The 1980s were a formative decade for most of us bloggers and politics aficionados. We listened to the sounds of the New Romantics, and Electro-Pop, watched the movies of Andrew McCarthy and Molly Ringwald and the tried to solve the conundrums of the Rubiks Cube and Snake. So far, so good. But it was also a time when we all grew up under the terrifying threat of Nuclear War; and it wasn’t that long ago. This writer was reminded of the era recently after viewing a programme that is hardly talked about at all now but still has the power to shock.

Stick the word ‘Threads’ into a search engine and you’ll be referred to BBC TV play of the same name made in 1984. It’s an early example of a docu-drama and is set in Sheffield, Northern England, an old steel town going through recession. The programme title refers to both the threads that bind us together as a society and the thread-like smoke trails that are part of a nuclear mushroom cloud. The plot revolves around the lives of ordinary people set against the backdrop of, wait for it, a super-power confrontation in Iran. The escalation of this conflict in the Middle East (!) is frighteningly credible, the scripting is superb and the acting and special effects are absolutely realistic. We see how society reverts to a quasi-medieval state in the wake of a nuclear holocaust. Cheery it is not – this is possibly the most frightening television programme ever made.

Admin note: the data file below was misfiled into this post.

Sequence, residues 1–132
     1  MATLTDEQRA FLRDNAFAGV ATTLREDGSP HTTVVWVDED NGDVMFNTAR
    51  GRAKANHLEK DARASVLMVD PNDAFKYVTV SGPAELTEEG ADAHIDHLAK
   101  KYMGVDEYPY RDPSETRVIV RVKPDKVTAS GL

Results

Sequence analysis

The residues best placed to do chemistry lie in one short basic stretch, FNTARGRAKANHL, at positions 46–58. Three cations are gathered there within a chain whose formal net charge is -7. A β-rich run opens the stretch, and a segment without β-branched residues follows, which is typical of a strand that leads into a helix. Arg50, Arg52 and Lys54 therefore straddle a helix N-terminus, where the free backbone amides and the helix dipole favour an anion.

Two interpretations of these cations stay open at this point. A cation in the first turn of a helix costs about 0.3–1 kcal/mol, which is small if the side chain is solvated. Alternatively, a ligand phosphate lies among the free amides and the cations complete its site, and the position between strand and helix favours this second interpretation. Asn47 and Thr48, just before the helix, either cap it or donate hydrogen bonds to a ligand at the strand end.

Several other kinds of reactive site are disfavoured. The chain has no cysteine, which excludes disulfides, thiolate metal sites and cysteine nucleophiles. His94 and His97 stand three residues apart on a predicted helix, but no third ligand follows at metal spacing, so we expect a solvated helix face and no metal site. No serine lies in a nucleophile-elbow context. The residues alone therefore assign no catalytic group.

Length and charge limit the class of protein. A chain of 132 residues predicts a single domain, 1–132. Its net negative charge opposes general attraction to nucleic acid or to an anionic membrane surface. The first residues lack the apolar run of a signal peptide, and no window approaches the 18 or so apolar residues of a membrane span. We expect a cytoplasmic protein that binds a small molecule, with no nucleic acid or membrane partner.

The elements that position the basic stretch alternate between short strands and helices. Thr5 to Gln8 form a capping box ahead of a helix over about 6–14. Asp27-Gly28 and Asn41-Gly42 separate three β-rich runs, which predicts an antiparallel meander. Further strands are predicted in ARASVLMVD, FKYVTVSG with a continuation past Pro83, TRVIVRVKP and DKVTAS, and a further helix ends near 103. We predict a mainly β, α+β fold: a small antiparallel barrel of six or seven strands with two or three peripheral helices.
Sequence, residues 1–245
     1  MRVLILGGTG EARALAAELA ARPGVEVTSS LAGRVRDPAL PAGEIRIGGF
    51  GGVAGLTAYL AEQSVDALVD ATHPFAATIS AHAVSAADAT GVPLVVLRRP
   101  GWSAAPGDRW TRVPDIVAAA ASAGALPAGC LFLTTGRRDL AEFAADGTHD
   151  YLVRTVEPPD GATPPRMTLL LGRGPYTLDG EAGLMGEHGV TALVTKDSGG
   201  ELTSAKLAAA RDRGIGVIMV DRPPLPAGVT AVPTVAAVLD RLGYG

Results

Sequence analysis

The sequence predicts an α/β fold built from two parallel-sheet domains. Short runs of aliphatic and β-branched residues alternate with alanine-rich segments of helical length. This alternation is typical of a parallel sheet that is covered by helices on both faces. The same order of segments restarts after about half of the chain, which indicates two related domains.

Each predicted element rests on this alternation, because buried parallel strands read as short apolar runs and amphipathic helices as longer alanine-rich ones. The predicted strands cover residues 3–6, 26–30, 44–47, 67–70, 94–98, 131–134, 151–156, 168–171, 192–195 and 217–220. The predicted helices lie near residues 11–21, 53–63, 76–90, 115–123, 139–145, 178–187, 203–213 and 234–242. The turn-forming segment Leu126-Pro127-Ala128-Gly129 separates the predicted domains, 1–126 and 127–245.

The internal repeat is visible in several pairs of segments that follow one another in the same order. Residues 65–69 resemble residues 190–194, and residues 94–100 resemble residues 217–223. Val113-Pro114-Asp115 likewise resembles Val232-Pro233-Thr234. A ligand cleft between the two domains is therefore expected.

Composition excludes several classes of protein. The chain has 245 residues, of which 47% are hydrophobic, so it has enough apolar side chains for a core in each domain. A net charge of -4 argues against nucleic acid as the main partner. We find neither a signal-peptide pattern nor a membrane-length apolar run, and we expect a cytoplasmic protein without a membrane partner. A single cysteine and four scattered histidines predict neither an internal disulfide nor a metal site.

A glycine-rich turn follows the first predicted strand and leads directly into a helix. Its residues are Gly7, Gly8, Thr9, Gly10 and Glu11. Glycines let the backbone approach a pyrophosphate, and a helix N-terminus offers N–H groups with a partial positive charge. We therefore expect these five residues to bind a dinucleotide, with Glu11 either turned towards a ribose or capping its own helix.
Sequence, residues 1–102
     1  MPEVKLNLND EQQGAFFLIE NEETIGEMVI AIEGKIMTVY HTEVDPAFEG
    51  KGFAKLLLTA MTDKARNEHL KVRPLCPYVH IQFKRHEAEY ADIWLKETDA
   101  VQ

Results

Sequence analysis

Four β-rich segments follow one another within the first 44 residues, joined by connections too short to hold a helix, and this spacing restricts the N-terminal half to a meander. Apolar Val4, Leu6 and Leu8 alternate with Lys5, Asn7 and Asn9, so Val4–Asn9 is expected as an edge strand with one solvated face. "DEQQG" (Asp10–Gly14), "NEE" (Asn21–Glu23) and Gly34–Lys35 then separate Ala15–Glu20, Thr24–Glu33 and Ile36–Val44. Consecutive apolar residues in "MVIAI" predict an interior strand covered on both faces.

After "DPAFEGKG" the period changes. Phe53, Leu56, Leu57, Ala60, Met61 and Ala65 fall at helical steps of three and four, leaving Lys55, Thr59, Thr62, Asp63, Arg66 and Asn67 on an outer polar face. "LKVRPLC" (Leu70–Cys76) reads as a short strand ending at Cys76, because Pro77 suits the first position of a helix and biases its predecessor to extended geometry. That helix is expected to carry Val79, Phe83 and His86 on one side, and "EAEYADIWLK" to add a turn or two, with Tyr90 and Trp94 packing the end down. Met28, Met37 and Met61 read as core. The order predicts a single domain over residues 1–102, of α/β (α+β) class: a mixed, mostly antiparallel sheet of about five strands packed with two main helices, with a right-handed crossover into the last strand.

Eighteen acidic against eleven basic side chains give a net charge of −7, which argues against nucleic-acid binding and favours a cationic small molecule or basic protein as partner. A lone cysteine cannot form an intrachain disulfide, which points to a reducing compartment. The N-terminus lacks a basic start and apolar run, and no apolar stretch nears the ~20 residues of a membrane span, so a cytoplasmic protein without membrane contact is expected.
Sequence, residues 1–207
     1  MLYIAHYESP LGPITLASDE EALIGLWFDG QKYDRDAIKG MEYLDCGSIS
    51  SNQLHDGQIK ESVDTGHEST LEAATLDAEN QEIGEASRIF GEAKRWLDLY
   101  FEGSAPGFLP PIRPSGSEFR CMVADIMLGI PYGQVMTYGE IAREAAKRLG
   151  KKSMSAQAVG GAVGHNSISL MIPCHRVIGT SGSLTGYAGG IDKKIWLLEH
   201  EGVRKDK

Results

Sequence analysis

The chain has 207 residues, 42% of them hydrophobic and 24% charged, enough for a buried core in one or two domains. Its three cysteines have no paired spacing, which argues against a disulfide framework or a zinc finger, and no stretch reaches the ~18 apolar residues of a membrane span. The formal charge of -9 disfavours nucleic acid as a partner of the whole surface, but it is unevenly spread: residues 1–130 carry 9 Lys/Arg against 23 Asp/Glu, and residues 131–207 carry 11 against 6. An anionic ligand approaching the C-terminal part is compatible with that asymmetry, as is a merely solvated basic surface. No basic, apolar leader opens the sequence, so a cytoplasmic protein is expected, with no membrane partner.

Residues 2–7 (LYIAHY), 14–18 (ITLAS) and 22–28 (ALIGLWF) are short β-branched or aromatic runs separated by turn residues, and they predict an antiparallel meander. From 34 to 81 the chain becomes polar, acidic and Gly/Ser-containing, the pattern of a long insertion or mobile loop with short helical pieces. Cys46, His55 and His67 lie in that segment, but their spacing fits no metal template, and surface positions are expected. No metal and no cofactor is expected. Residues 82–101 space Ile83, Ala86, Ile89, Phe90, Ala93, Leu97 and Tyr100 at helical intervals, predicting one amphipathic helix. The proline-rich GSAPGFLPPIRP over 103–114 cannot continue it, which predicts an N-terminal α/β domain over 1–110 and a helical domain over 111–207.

And ‘Threads’ reminds us all of how much background anxiety and fear we all lived under in that decade. Okay, détente and negotiation escalated in Gorbachev’s time till the collapse of the Soviet Union. But up until 1985, many of us thought we’d be lucky to see the next ten years, yet alone the next twenty. Thinking kids and teenagers always were aware of the hellish background noise of Mutually Assured Destruction. It is such a difficult concept for modern teenagers to comprehend; that in theory we were always only days away from holocaust.

There are still Nuclear hot-spots; India and Pakistan came close to the brink in 2000, China may be stable but its not a democracy and has that capacity to destroy a large part of Japan if required. Then there’s Israel and Iran or future flashpoints in the region. There will always be unforeseen events and crises where nuclear weapons will provide sinister shadows in the background.

Karl Sagan classed the Arms Race as “two sworn enemies standing waist-deep in gasoline, one with three matches, the other with five.” This quote captures how much of a gamble the nuclear strategy was and is. We can’t un-invent nuclear technology but we can reduce nuclear weapons drastically again and police the world to prevent further proliferation. We owe it to future generations.